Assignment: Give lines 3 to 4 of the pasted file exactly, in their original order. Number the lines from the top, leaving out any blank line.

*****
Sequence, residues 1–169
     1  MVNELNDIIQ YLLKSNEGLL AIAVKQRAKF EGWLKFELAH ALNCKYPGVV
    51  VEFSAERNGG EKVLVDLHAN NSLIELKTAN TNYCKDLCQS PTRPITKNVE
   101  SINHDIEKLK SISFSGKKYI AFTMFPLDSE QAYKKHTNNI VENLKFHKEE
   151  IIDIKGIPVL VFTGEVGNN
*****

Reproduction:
    51  VEFSAERNGG EKVLVDLHAN NSLIELKTAN TNYCKDLCQS PTRPITKNVE
   101  SINHDIEKLK SISFSGKKYI AFTMFPLDSE QAYKKHTNNI VENLKFHKEE